Crash 'n Burn Vegetarian.

I recognize that adopting a vegetarian or vegan is not for everyone. However, I do believe that many people appreciate and support the reasons behind going veg, but are not willing or interested in committing to this diet themselves. I think the reason why some people steer clear from vegetarianism and veganism is because they don't want to restrict themselves or label their diet. With that said, I believe that everyone can benefit from a veggie meals every once and awhile. There are actually movements for people who want to eat more veg without fully committing. Movement examples include: Vegan before 6 pm, Meatless Mondays, and Monday to Friday Vegetarians.

Don't be a crash 'n burn vegetarian. I created this silly term after hearing many friends, classmates, etc. telling me that they had to give up vegetarianism because they had such low energy all of the time. I think these people decided to go veg without doing their homework. If meat is suddenly removed from the diet, a huge source of energy (protein and fats are very energy dense) is removed with it. In the short-term, the protein and fat deficit might not be noticeable, but the longer the diet is void of the energy-dense components, the lower the energy levels of the consumer may be. I think people have the idea that veggie meals are unsatisfying because when they are not properly planned, they are void of dense energy components.

My biggest advice (remember, I am not a doctor or a dietitian) is that when dabbling in the meat-free world, don't just cut out the meat, but replace it with plant-based proteins and healthy fats. This way you'll keep your energy up, nutritional profile complete, and won't crash 'n burn.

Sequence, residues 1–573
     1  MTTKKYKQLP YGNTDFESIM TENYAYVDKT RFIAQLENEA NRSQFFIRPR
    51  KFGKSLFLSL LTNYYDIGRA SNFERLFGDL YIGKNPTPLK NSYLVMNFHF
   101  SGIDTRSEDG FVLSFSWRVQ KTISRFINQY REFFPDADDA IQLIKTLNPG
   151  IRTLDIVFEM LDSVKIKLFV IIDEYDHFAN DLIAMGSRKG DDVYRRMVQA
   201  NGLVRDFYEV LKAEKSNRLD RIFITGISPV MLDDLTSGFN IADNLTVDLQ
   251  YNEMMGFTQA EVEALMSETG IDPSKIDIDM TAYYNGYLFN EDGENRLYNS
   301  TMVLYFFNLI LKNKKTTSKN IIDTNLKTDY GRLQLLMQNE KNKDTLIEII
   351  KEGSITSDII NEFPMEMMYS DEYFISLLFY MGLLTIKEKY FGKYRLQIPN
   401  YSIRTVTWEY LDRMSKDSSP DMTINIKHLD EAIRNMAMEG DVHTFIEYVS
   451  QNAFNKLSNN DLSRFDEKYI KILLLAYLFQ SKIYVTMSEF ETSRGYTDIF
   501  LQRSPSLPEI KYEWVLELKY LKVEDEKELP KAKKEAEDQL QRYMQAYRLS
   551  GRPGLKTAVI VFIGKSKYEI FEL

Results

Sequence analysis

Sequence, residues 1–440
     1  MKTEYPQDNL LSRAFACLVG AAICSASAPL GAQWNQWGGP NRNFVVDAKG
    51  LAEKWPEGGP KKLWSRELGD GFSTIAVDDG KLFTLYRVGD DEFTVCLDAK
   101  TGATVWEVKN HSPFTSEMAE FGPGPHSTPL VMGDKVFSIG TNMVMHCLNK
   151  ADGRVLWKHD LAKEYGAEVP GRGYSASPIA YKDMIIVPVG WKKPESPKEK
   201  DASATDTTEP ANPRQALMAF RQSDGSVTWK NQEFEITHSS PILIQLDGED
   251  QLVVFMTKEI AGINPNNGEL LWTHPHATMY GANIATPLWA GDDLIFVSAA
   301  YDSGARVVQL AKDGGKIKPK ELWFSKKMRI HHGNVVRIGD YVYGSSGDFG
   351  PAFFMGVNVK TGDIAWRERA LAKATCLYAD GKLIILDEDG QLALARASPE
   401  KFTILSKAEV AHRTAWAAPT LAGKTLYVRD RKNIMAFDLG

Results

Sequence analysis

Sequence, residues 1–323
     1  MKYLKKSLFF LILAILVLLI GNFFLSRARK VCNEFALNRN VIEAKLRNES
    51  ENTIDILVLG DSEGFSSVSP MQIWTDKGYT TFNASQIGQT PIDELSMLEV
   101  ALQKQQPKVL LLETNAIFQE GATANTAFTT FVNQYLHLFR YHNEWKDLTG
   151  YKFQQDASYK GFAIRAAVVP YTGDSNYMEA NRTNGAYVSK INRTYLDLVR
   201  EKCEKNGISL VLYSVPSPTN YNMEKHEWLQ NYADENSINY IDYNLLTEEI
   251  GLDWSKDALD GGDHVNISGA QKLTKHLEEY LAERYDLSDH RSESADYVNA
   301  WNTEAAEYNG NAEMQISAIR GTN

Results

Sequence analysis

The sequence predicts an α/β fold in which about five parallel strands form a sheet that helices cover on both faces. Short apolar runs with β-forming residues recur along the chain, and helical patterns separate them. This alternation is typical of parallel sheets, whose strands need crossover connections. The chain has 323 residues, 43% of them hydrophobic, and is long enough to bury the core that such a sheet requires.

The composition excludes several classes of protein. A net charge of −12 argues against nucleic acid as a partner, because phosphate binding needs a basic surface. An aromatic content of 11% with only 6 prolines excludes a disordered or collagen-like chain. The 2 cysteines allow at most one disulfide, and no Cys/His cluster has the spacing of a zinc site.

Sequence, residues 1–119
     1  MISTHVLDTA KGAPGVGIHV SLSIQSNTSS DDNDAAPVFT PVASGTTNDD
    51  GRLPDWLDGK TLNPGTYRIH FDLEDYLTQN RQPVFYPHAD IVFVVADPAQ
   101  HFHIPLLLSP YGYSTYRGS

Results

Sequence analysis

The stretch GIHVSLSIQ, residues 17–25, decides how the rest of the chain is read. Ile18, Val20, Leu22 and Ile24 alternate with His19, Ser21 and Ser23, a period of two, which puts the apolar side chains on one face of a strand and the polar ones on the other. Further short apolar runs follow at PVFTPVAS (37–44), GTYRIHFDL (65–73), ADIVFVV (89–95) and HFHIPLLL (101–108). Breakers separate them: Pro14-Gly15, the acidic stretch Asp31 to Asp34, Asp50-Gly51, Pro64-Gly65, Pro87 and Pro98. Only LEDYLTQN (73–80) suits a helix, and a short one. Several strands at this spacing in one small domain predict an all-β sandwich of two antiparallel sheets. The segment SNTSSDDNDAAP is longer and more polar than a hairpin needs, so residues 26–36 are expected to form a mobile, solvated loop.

Some plant-based proteins to consider: chickpeas, black beans, kidney beans, lima beans, pinto beans, lentils (yellow, green, and red varieties), split peas, quinoa, bulgur, buckwheat, rice (especially brown), tofu, textured vegetable protein, seitan (wheat gluten), kamut, amaranth, nuts, and seeds.

Some healthy plant-based fats to consider: olive oil, coconut oil, sesame oil, flax oil, hemp oil, avocados, whole nuts and seeds, and nut butters.


  1. Wow, that's exatly what happened to me when I first tried becoming a vegetarian in 2008 - I crashed and burned! Since then, I've done so much research and am slowly increasing the amount I know, and the portion of my intake consisting if vegetarian meals. It is my goal one day to fully commit, but that will take a few years!

  2. Yes, slow and steady is best. Don't feel guilty about still including some animal proteins in your diet every now and then either. I've noticed that some veg like to guilt-trip others when they are eating semi-veg or 'trying' to be veg (and not committing 100%). Every veg meal counts and every step towards cleaning up the diet is a good step indeed!

    Good luck on your veg journey :)


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